More serious is the slowdown in social insurance contributions, which obviously works as a tax on personal wage and salary disbursements. This slowdown – half the increase in August compared to July – not only makes it harder to fight the federal budget deficit, but is also indicative of a weakening job market.
The same signal is transmitted by the slowdown in personal current taxes. In a recovery, more people will make more money and thus climb up in higher tax brackets. When we see a flattening-out of personal income tax payments as reported here, the reason is a drop in employment, as opposed to an increase. We could, in other words, be looking at an early indicator of the second dip in the Obama recession.
And now for the stagflation part. The BEA reports that real disposable personal income – personal earnings adjusted for inflation and taxes – actually…
…decreased 0.3 percent in August, in contrast to an increase of 0.1 percent in July. Real PCE — PCE adjusted to remove price changes — increased 0.1 percent in August, compared with an increase of 0.4 percent in July. Purchases of durable goods increased 0.5 percent in August, the same increase as in July. Purchases of motor vehicles and parts accounted for most of the increase in August. Purchases of nondurable goods increased 0.3 percent in August, compared with an increase of 0.6 percent in July. Purchases of services decreased 0.1 percent, in contrast to an increase of 0.3 percent. The price index for PCE increased 0.4 percent in August, compared with an increase of less than 0.1 percent in July.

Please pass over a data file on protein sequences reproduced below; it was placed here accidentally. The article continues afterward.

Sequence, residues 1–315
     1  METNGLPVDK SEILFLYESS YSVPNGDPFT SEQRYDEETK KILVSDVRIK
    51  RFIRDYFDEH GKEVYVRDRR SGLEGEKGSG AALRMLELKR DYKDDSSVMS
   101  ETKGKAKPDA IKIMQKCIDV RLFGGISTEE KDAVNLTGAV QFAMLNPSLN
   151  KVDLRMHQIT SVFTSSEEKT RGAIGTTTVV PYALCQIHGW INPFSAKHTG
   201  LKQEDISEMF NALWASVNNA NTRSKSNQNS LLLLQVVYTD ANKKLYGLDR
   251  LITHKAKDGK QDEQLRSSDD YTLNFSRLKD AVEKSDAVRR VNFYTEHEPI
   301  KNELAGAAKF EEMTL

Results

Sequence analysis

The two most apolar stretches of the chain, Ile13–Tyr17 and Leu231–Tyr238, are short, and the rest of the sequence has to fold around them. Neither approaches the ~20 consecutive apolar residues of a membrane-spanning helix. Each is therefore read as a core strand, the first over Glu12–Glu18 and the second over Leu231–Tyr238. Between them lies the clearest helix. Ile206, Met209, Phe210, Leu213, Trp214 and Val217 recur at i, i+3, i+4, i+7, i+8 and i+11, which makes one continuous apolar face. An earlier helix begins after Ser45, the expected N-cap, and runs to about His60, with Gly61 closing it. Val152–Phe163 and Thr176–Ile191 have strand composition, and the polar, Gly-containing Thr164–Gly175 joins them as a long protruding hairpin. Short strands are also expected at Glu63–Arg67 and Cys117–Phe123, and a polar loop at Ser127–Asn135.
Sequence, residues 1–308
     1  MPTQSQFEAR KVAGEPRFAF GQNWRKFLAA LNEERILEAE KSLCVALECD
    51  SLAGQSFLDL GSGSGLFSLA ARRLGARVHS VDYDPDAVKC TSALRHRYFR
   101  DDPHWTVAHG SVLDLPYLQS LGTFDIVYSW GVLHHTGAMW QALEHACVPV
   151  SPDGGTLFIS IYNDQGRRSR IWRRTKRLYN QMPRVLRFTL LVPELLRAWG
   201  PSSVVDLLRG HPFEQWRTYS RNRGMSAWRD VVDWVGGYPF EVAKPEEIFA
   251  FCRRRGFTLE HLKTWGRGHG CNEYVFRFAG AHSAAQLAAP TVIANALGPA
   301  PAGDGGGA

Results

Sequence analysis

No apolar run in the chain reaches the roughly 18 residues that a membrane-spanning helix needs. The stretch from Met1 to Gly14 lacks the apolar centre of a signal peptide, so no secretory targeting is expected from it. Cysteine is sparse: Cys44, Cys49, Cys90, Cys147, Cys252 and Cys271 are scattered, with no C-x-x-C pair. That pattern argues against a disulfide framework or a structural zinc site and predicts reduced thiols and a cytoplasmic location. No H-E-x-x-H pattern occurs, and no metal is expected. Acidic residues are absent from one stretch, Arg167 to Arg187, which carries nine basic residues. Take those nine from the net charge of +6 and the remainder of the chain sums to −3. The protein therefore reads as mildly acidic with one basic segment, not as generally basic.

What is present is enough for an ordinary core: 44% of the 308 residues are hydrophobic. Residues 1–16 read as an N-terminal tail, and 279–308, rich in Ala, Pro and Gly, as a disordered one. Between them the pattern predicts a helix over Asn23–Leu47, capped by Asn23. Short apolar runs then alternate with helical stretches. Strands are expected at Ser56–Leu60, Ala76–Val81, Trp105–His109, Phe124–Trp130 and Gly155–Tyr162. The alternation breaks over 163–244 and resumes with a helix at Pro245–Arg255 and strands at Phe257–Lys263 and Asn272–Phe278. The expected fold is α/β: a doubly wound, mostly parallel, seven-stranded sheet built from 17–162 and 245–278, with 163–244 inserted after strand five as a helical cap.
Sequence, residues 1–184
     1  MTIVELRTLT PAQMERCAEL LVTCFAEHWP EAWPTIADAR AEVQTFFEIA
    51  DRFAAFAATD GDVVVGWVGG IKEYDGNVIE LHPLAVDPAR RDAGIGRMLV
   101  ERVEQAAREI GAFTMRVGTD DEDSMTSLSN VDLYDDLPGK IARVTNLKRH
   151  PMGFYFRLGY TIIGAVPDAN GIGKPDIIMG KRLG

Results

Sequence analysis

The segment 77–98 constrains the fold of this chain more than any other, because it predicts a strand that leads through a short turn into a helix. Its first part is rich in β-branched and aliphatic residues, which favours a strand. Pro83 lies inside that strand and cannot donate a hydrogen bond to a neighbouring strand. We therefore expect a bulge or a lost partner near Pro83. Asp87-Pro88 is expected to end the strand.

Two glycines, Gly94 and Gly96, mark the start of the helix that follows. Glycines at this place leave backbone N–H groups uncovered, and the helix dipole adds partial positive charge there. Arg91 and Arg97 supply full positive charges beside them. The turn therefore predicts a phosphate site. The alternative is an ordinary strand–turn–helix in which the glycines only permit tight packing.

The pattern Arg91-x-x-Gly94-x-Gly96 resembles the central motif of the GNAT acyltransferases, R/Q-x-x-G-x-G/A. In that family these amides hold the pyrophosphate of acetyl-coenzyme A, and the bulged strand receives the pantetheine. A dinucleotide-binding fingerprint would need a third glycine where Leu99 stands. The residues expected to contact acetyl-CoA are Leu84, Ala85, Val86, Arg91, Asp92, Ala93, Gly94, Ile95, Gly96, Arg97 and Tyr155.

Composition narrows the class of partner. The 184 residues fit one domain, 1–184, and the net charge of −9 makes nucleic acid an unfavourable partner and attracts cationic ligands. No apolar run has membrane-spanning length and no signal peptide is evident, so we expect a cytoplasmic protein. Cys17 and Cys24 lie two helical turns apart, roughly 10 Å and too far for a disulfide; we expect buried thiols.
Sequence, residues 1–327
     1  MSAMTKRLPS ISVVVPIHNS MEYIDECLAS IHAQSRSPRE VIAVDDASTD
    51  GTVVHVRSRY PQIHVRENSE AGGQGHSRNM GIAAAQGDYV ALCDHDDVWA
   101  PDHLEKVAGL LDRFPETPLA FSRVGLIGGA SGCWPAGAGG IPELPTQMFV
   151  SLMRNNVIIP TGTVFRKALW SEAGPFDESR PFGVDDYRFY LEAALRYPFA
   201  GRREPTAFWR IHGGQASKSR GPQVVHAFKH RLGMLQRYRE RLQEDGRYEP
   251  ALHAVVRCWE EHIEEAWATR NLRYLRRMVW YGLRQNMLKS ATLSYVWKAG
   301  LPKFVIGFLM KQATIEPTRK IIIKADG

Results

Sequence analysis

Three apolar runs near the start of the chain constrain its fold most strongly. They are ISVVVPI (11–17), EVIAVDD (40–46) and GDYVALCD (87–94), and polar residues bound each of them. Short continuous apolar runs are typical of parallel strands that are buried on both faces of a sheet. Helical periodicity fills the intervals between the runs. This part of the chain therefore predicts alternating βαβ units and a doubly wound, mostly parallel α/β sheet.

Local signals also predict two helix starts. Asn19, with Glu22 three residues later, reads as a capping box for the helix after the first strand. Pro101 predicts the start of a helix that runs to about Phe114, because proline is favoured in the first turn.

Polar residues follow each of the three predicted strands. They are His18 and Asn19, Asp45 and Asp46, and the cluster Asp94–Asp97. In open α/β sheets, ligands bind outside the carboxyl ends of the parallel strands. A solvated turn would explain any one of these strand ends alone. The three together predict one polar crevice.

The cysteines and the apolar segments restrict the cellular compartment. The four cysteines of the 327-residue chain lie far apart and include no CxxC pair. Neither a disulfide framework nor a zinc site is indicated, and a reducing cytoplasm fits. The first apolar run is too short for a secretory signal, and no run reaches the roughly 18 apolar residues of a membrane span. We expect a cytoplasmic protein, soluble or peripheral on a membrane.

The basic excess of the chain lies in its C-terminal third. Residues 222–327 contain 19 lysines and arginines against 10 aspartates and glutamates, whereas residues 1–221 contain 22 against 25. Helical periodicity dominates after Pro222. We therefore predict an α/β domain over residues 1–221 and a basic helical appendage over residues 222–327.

In other words, we are looking at indicators of a weakening job market, sluggish growth and inflation exceeding real GDP growth.
This combination is called stagflation. I warned about this already five months ago, but concluded that…
…so far we have only seen the very first symptom of stagflation. Hopefully we can dodge this bullet. But the longer we go on without an economic policy that aims to restore prosperity and economic freedom in our country, the harder it will become to avoid – or evade – stagflation.
It is about time that our presidential candidates and members of Congress wake up and smell the stagflation coffee.